Ho, Ho, Horrors! The Twisted Yuletide Tunes of Red Sovine

When it came to twisted tales of holiday horrors, no one topped Red Sovine.

By Randy Fox

When it comes to truly fabulous and incredibly weird country Christmas records, Red Sovine is hard to beat. Red recorded many great country records in a large variety of styles (including the 1956 floor-stompin’ rockabilly riot, “Juke Joint Johnny”), but during the 1960s and 1970s he built a reputation as the master of country recitation records. These spoken word classics positively oozed sentimentality and strangeness – the most obvious examples being his tale of a big rig gear-shifting haint, “Phantom 309” and the CB radio-powered crippled kid tearjerker, “Teddy Bear.”

When Red turned his reciting voice to the holiday season, he really delivered the goods. In June 1963, he cut two Christmas tunes at the Starday studios in Nashville for the LP Merry Christmas, Country Style — a compilation album that featured songs from several Starday artists. The first track Red cut for the LP was “Christmas Love Song,” a mid-tempo sugary confection in which Red spells out his love for his wife and family with the letters of C-H-R-I-S-T-M-A-S, not really weird at all.

But then he followed it up with the King Daddy of whack-a-doodle Christmas records. “Is There Really Santa Claus” — a tasty tune populated by a dead mother, an embittered father, eternally hopeful children, a hopped-up speeding driver, and a Christmas miracle! (Well, kinda…) It’s one you must hear for yourself.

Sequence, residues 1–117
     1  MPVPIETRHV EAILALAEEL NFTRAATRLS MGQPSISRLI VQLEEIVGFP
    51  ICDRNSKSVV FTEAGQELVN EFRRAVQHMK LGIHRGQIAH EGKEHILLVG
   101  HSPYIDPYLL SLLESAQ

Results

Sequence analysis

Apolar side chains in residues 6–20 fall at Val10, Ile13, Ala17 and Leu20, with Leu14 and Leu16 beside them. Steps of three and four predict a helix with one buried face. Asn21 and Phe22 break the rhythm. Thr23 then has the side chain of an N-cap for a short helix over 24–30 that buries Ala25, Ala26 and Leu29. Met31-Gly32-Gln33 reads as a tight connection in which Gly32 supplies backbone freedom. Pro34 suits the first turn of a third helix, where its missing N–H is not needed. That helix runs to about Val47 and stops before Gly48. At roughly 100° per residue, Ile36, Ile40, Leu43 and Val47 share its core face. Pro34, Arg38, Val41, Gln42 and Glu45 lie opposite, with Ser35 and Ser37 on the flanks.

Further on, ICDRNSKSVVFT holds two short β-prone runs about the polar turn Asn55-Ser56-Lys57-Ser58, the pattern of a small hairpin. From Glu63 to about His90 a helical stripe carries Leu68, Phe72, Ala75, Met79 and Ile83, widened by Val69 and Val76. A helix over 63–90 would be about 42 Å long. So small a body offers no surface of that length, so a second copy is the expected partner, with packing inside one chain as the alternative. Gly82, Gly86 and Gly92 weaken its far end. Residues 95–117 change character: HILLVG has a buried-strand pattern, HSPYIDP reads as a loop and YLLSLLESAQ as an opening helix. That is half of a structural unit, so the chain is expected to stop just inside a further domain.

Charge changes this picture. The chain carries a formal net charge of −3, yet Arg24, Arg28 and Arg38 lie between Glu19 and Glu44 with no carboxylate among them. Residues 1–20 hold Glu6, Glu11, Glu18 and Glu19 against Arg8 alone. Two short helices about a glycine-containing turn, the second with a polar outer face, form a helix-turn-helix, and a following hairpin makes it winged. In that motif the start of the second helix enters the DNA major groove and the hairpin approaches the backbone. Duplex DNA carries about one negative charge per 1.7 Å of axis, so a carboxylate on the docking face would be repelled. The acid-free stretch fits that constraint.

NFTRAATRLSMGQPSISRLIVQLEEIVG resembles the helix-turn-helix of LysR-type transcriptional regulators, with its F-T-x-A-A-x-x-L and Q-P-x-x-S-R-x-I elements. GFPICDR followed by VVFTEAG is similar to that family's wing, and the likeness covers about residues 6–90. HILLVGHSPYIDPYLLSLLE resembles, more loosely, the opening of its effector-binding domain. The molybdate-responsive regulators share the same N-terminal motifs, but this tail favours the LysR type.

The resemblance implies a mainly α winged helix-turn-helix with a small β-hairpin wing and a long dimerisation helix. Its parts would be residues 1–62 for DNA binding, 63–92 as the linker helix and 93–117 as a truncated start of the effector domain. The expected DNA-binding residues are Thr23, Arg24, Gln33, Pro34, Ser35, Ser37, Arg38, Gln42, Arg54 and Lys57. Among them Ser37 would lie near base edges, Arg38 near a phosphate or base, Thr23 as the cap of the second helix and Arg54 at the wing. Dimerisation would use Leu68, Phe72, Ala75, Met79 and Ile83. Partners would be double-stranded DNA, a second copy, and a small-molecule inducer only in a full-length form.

Red eventually returned to Yuletide recitations in 1978 when he recorded the album, Christmas with Red Sovine at Starday studios. The LP featured a mix of Christmas standards (“White Christmas” and “Rudolph the Red Nosed Reindeer”), fun country Christmas novelty tunes (“Santa is a Texas Cowboy” and “Christmas is for Kids”) and best of all, several classic Sovine recitations beamed in directly from the dark side of the North Pole. While the little blind girl tearjerker “What Does Christmas Look Like” and the drunken yuletide suicide note, “Here It is Christmas” would be sufficient to propel any ordinary Christmas album to the Bizarro World, Red outdid himself with the magnificently morbid “Faith in Santa” which is centered on one little boy’s solemn wish for a hurry-up trip to heaven. Give it a listen. No jaw shall remain undropped!

Although Merry Christmas, Country Style has never been reissued, Christmas with Red Sovine was released on CD on 2011 and can be found at Christmas time in truck stops across the US. Whether on CD or vinyl, adding a little Red to your holiday season is highly recommended!


Randy Fox writes about music, the only profession that actually pays less than being a musician. His work has appeared in Vintage Rock, Record Collector, The East Nashvillian, The Journal of Country Music and many more fine publications. He can be heard every Tuesday night, 5 pm to 7 pm Central Time, on the “Hipbilly Jamboree” on radio station WXNA-FM Nashville.

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